1.This Act amends Chapter 8 Gorgas Hospital Title 24 US Code §301-320 that is preserved in two sections, §301 and §302 pertaining to the change of name of Ancon Hospital to Gorgas Hospital. It may be cited as the Patent Remedy Act of 2009. The major institutional reforms proposed in this Chapter are: First, to change the name of the Drug Enforcement Administration (DEA) to Drug Evaluation Agency (DEA) and transfer the DEA from the Department of Justice to the Food and Drug Administration (FDA) while retaining the power of the Attorney General for arrests and firearms. To realize this reform Title 21 of the Code of Federal Regulations and Controlled Substances Act at Title 13 of the United States Code is amended to serve as the readmission of the Secretary of Public Health after her expulsion from the Department of Health, Education and Welfare in 1979, for unspeakable things, upon her recognition of this amendment in Public Health Service Statute that shall be renumbered from Chapter 6A to Chapter 1 of Title 42 of the United States Code.. Second, to change the name of the Substance Abuse Mental Health Services Administration (SAMHSA) to Social Work Administration (SWA) to empower social work professionals to chop down psychiatry and adjudicate mental illness, drug addiction and substance abuse. Third, on the international front, the Secretariat of the International Narcotics Control Board (INCB) must be transferred to the World Health Organization (WHO) and the Office of Drugs and Crime (UNODC) must change their name to Office of Crime (UNOC) as precondition for the full support of the United States for the Secretary of the United Nations (SEA) and Socio-Economic Administration (SEA) of the United Nations Charter Legitimate Edition (UNCLE).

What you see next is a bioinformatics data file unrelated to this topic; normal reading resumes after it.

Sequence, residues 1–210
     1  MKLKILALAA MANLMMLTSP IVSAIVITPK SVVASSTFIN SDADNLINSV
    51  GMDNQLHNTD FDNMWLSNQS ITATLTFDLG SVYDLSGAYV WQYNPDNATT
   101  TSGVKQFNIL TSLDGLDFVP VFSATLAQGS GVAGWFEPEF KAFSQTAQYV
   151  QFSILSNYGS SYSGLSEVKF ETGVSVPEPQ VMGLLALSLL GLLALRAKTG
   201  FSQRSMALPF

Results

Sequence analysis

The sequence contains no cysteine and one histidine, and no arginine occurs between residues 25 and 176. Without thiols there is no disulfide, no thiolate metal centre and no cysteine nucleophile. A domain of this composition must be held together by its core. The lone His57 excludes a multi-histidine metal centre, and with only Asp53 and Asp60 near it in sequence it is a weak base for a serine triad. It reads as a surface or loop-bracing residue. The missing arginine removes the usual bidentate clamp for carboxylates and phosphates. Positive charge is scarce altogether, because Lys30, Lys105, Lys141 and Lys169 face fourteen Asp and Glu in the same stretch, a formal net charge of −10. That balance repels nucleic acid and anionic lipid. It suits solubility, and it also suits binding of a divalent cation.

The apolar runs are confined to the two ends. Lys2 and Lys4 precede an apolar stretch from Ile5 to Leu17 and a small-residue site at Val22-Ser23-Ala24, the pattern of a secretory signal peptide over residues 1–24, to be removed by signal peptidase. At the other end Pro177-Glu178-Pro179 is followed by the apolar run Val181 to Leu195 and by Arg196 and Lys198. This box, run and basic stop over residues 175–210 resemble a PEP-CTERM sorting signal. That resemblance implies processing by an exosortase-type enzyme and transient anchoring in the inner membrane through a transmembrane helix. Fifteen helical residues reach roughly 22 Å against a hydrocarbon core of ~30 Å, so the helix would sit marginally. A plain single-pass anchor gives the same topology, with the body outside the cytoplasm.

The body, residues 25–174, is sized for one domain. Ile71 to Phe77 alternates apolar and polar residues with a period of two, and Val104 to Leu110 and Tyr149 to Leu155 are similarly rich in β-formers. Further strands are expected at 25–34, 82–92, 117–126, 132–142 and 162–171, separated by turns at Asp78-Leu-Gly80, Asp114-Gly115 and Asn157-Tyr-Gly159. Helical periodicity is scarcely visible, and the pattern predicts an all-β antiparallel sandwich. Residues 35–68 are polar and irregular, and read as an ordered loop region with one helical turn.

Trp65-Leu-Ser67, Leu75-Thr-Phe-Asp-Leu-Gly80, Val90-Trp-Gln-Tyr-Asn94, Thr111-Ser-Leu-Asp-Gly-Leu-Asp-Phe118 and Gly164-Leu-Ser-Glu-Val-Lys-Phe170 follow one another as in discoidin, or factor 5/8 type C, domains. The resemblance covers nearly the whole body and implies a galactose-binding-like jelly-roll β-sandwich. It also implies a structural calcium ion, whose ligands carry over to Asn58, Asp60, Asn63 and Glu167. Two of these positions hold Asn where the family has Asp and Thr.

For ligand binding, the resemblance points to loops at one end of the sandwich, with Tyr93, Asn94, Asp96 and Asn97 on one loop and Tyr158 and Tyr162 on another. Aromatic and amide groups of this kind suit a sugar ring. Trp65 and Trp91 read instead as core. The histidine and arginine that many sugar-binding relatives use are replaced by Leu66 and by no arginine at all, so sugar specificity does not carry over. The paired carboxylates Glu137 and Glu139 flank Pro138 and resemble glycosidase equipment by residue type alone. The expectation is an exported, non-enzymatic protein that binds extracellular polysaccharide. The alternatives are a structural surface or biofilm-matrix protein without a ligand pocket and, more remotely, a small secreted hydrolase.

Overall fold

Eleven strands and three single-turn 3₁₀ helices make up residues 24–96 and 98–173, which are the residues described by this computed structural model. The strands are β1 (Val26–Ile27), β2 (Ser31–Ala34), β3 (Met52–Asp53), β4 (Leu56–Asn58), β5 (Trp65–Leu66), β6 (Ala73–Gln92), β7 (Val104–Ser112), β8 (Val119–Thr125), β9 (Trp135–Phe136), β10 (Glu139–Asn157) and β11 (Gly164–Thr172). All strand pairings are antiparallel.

2. The pharmacist is a health professional who is the expert on medicines. Pharmacists are also given the responsibility to help people to maintain good health, to avoid ill health and, where medication is appropriate, to promote the rational use of medicines and to assist patients to acquire, and gain maximum therapeutic benefit from, their medicines. Pharmacists are responsible for maintaining vigilance that the supply of medicines and medical devices for patient self-care is sufficient and are that drugs are not counterfeit or substandard and that prescriptions are not given in error by a physician, causing an adverse reaction with other medication, in excess, or causing the individual side effects. Physicians have recognized for years that individuals respond differently to medicines. may have to try several different products before finding the right treatment. In providing high quality medical care, safety monitoring of personalized medicine is essential to the ongoing effective use of medicines. Pharmacovigilance is the science and activities relating to the detection, assessment, understanding and prevention of adverse affects or any other possible drug-related problems. In 2003 it was estimated that in the United States the number of people having in-hospital, adverse drug reactions (ADR) to prescribed medicine was 2.2 million of which 106,000 were fatal, of 2.4 million mortalities.